Many Canadians could find themselves in debt years longer than expected, even though many are optimistic that they will be debt-free in a few years, according to a survey released Monday.

The survey, by CIBC, found that Canadians holding some form of debt feel they will be debt-free by age 55. However, only 35 per cent of Canadians in the 55 to 64 age group are actually debt-free.

Canadians in the 25 to 34 year old age range told pollsters that they expected to be debt-free by age 44, but the poll found that only 18 per cent of those in the 45 to 54 age group were.

Jim Yih, a financial expert and the founder of, said he thinks the optimistic outlook on debt found by the survey was surprising.

"I think that the optimism is not substantiated," he told CTV News Channel on Monday. "The likelihood of people being debt-free and staying debt-free is difficult."

He attributes younger Canadian's optimistic viewpoint as a result of a lack of experience.

"The older you are the more you're going to deal with the necessity of debt," he said.

Christina Kramer, the executive vice-president of retail distribution and channel strategy for CIBC, said that Canadians need to remain focused on debt repayment strategy.

"A key finding in this poll is that the passage of time alone is not enough to achieve the goal of paying down your debt," Kramer told The Canadian Press.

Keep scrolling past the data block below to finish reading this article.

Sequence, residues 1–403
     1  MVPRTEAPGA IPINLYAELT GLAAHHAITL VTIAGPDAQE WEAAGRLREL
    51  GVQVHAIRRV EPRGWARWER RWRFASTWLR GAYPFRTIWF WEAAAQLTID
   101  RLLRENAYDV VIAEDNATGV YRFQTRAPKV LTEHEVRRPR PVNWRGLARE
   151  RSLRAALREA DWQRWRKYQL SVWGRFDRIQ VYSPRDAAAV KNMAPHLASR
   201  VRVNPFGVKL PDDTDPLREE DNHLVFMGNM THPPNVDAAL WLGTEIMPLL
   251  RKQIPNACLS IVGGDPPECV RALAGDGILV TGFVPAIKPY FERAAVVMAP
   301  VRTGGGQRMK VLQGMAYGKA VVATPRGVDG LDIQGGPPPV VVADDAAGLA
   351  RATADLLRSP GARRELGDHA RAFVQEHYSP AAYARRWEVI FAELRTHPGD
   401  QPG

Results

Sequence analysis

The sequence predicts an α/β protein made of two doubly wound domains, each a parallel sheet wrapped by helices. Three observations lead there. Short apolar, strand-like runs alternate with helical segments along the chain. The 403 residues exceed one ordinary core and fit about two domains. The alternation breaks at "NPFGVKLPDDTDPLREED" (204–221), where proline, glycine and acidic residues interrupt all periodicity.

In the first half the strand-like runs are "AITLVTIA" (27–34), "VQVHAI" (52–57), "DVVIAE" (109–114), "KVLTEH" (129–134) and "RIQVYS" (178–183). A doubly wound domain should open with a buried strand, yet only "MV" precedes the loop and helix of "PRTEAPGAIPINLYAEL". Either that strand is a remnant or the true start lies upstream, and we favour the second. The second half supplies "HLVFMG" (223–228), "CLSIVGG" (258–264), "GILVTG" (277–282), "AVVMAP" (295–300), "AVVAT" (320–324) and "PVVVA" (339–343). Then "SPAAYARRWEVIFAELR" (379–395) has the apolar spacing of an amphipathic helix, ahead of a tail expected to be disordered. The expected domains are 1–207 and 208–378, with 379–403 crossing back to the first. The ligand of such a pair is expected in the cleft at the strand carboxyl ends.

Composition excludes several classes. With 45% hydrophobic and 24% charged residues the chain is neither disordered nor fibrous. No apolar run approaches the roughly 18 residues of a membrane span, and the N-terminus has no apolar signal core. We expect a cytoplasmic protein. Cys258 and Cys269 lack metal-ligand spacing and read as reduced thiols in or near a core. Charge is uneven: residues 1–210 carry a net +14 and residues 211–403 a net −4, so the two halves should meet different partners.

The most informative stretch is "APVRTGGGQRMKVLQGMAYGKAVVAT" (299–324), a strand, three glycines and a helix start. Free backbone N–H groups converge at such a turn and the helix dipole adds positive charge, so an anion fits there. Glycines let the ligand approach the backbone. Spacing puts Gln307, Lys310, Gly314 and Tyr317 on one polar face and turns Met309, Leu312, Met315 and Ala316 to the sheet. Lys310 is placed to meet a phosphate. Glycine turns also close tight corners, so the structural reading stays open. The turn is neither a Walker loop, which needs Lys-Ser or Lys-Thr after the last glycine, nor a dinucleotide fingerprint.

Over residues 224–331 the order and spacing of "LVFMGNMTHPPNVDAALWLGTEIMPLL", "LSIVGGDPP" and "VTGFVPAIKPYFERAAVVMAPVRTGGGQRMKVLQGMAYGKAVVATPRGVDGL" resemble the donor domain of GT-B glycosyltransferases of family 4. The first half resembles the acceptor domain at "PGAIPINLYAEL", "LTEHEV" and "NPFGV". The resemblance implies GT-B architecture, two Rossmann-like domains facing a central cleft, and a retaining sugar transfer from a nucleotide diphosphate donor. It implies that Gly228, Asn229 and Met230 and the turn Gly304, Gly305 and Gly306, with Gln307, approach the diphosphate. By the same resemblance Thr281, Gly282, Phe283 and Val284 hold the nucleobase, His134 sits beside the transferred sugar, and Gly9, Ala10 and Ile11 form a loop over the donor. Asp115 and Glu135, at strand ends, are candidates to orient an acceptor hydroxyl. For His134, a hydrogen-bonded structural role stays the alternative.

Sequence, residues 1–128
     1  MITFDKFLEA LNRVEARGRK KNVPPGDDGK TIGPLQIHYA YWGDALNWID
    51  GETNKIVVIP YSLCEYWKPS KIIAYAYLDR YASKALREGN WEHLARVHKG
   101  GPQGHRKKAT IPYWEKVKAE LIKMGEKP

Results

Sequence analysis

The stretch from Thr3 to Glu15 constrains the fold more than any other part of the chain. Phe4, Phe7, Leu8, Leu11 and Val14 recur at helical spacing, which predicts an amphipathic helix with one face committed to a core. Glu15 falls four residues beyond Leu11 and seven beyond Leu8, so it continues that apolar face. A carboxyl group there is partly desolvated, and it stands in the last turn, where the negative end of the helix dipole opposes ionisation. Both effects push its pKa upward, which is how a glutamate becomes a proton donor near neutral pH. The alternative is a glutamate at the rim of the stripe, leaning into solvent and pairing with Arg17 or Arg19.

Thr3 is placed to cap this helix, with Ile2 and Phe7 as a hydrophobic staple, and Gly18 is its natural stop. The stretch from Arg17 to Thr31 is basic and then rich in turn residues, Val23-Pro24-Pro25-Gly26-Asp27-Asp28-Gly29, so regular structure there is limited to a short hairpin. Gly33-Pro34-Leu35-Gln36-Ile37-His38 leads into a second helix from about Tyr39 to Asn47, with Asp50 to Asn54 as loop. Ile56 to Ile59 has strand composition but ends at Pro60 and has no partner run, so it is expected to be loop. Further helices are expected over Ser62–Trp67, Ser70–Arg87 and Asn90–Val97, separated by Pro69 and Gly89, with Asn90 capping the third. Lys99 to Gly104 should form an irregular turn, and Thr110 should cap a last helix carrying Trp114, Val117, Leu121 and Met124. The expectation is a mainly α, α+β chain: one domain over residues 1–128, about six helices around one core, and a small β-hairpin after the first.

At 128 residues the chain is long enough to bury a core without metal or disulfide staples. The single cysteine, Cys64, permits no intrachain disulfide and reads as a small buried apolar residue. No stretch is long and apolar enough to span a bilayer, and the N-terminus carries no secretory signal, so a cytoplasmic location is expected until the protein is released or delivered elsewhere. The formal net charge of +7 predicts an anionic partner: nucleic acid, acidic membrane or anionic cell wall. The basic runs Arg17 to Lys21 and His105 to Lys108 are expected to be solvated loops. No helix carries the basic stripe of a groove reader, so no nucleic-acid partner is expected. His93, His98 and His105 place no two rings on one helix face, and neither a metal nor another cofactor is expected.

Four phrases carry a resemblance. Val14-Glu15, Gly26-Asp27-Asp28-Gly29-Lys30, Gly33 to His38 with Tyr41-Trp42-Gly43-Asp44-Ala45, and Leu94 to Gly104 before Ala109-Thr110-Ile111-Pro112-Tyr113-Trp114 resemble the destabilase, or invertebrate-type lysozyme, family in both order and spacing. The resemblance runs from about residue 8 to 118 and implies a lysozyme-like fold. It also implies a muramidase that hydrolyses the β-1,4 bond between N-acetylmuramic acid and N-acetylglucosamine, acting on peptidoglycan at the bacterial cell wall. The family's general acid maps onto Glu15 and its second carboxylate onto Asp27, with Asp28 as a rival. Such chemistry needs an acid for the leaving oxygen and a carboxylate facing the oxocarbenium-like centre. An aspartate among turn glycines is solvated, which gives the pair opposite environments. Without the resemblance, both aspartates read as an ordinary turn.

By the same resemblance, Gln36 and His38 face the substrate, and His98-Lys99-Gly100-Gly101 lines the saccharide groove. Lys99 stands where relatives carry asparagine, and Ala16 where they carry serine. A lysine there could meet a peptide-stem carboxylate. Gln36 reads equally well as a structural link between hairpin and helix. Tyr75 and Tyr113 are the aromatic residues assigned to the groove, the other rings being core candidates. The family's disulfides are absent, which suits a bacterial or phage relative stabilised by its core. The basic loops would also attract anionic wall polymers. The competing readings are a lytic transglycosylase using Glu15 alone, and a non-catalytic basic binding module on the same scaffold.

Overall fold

"Canadians with a goal of being debt-free would benefit from having a realistic plan in place that includes extra payments towards their debt and a strategy to minimize their interest costs."

Yih said that debt is prevalent in Canadian's lives and that our economy is actually driven on consumerism.

"Debt has become big business," he said. "There was a time when you went to a financial institution and the advice was ‘pay off your debts.' And now it's 'go into more debt, we'll give you another credit card, we'll give you a loan to consolidate your loans, we'll give you a bigger debt limit.'"

Jamie Golombek, of CIBC Wealth Management, said that many people are getting into debt by spending beyond their means.

"In reality without any proper planning they may find they have more debt than they think at a later point," Golombek told CTV Winnipeg.

Albertans were the most optimistic of their financial situation, stating that they believe they will be debt free by age 52 on average. In Ontario and Quebec, the average age stated was 54 and in Atlantic Canada and British Columbia, 58.

"It can be tempting to believe that 10 years from now you will be better off financially and will have paid down your debt considerably, but the reality is that it takes a slow and steady approach to both debt management and savings to make progress towards your financial goals," Kramer said.

Eight per cent of respondents believe they will be into their 70s before their debts are paid off and 10 per cent said they will never be debt-free.

"Where this party ends is when interest rates go up and people all of a sudden have all this debt with interest rates that are double what they are now or more," said John McCallum of the Asper School of Business.

Yih said he puts some of the blame on the high debt load Canadians are carrying on financial institutions.

"Certainly I think the financial industry has to bear some responsibility because they've made debt so accessible," he said.

The telephone survey, conducted by Harris-Decima, polled 2,008 Canadians between June 30 and July 10.

With a report by CTV Winnipeg's Jill Macyshon and files from The Canadian Press